When I Got a Maypole
Setting up a Maypole is an old tradition all over Europe though it is slowly disappearing. However, I am one of those who can say that once was given a Maypole.
What is a Maypole?
A Maypole is either a pole or a young tall tree – in Hungary it is mostly a poplar tree – cut out and decorated with colourful ribbons, bunches of flowers and wine bottles. Sometimes they are set up in the middle of the villages or a big square or in a park and young people sing and dance around it. But in Hungary it was also a custom to set up a Maypole during the night in the middle of private gardens where young girls lived. It was a way for young men to let the girl know that they would like to court her. So, those girls who didn’t get any could envy those who did.
When I got my Maypole it happened a long time ago. At that time I had just finished my studies and started to teach at a secondary school in a small town. The school had a nice, modern building with a kitchen and dining hall, a sports hall with changing rooms and bathrooms, a club for students and a couple of classrooms for on the ground floor. At one end of the building there was a flat with a separate entrance to the school garden to be rented by teachers. So, I rented that flat with another colleague.
On the first floor there was the office of the school principle, the staffroom, several other classrooms and the school library where I worked. On the second floor there was a students’ hostel for boys who came to learn to this school from the neighbouring villages.
Since I operated the library as a source of study and I didn’t only lend books to the kids but also asked them why they were looking for certain books and tried to help them if I could, more and more children visited the school library. I could help them in quite a lot of subjects. Mostly in Literature, Grammar and Languages since they are my subjects but History, Geography, Arts and Biology are not too far from my interest, either. In the hard stuff like Maths, Physics and Chemistry I offered them some books. So, in the afternoons more and more boys left the official study room where the students who lived inside the school had to spend every afternoon from 4–7p.m. to study and prepare for the next school day. They left the study room and they spent this time in the library where they could learn better with the help of all the resource books and with my guidance.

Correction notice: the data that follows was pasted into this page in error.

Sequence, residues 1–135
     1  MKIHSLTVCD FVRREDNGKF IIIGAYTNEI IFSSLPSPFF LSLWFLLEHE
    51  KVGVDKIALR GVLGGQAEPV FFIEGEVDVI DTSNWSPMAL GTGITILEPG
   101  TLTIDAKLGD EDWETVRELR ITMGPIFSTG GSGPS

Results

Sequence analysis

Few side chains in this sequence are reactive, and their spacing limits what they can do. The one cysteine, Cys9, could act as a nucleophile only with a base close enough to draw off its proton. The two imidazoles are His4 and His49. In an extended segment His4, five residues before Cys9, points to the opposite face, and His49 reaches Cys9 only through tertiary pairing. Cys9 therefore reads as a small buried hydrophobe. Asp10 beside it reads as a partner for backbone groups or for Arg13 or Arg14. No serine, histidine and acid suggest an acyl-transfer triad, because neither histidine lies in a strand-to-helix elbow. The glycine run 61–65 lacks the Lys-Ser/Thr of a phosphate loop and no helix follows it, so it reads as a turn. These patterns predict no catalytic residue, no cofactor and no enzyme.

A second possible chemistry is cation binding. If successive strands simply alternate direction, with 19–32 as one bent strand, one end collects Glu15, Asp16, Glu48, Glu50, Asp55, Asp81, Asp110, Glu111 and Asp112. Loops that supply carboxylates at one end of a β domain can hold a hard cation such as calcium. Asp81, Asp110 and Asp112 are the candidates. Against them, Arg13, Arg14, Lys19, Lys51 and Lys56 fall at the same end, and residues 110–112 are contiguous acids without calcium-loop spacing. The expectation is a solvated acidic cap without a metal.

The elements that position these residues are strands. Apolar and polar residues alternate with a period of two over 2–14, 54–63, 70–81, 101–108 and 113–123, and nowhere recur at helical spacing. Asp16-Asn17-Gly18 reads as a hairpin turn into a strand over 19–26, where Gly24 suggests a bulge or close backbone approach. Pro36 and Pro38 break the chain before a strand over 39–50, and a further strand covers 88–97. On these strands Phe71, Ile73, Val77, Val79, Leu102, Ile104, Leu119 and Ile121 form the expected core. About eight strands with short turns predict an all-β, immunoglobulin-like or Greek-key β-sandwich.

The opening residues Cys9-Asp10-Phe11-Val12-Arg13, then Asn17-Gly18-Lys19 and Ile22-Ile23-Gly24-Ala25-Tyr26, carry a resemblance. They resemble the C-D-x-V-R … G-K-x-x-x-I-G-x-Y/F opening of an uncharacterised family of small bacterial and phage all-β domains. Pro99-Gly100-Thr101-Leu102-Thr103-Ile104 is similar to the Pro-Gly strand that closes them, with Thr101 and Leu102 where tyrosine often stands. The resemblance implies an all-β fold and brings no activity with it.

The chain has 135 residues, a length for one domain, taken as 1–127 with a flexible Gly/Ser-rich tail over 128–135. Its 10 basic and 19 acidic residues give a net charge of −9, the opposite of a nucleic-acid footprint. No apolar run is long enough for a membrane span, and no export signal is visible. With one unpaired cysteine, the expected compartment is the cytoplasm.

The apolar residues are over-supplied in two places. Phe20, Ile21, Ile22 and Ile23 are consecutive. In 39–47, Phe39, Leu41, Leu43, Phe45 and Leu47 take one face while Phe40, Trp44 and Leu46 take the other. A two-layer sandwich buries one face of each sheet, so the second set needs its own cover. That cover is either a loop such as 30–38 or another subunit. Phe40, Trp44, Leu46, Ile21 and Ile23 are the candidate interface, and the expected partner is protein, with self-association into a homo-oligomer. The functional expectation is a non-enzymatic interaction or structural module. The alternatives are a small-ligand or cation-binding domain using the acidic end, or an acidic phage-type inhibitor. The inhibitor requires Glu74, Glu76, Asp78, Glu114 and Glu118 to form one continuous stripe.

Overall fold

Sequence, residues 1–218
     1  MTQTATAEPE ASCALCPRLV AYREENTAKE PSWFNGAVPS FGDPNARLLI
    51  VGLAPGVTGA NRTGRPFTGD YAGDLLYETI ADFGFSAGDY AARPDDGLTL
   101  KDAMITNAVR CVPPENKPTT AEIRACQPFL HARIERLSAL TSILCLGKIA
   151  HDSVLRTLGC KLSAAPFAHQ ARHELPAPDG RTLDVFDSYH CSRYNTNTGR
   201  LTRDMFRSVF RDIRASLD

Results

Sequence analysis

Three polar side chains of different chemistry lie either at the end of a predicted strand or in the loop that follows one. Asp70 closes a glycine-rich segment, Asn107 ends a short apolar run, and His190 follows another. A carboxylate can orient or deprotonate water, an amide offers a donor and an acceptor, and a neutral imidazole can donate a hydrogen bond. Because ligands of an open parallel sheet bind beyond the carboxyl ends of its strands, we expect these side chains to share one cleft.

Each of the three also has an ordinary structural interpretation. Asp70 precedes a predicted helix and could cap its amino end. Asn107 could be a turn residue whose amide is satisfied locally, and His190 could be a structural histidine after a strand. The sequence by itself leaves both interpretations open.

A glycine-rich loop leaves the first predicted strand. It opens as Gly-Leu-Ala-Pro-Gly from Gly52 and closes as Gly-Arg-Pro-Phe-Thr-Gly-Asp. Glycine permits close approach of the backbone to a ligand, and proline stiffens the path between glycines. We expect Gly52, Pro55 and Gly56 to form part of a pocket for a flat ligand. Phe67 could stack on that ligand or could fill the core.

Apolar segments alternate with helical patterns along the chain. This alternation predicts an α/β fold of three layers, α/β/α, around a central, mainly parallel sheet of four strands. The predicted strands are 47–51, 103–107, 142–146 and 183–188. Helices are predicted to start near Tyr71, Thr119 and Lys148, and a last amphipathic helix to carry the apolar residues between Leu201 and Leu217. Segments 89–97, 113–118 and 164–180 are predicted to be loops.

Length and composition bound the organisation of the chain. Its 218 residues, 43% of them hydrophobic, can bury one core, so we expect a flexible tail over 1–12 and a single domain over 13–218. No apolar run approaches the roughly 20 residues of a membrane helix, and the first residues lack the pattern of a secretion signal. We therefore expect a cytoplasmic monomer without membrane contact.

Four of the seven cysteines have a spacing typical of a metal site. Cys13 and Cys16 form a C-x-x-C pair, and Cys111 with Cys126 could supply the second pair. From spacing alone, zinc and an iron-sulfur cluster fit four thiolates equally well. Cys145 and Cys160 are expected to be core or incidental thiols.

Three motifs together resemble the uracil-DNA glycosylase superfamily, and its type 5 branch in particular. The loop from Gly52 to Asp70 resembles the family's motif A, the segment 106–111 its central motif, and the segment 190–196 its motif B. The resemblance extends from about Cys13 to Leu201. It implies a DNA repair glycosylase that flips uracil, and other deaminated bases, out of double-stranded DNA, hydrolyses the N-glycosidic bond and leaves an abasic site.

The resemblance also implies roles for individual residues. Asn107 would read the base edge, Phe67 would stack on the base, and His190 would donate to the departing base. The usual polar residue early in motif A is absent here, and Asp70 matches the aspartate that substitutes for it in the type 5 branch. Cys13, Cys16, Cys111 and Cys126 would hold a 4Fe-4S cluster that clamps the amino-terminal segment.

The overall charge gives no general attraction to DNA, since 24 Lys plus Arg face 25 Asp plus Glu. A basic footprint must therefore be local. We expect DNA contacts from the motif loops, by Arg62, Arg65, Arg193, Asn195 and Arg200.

Almost a year passed and the day after May Day when I stepped out of the front door of my rented apartment the first thing I saw was a tall tree in the middle of the little flower bed beside the front door, under my window. My colleague also noticed the tree and she asked, ‘Was this tree always in the garden? I can’t remember it.’ I looked up and I saw the ribbons, a nice bunch of flowers and a bottle in the tree, which was as high as the school building itself. ‘Well, it’s a Maypole but I don’t know how it was set up here and when.’
Then we went to teach with the secret undiscovered. But in the afternoon when I was in the library, the boys seemed rather suspicious. After some questions they confessed that they set up the Maypole in the flower bed that night. They escaped from the dormitory – which was against the school rules: they were not allowed to leave the building after 10p.m. – climbing through the windows and went to the little forest nearby the town to cut the tree. Then some of them climbed up the roof of the school building and pulled the tree upwards with a rope while the others dug it in the earth. But that was not all. After that they went to the principal’s house, took out her gate from its place and threw it in the little stream near the town. A couple of days later I heard the rumour about this incident in the staffroom but I pretended wisely not to know anything about it. Nobody liked the principle – neither the children nor the teachers. And I was sure if she had found out who had done that she would have banned them out of school. So I decided to take the whole thing as if it had been done by a 20th century Robin Hood – expressing the feelings of the ‘poor’ and ‘making justice’.
So, this is the true story of my Maypole and I have kept this secret up to now.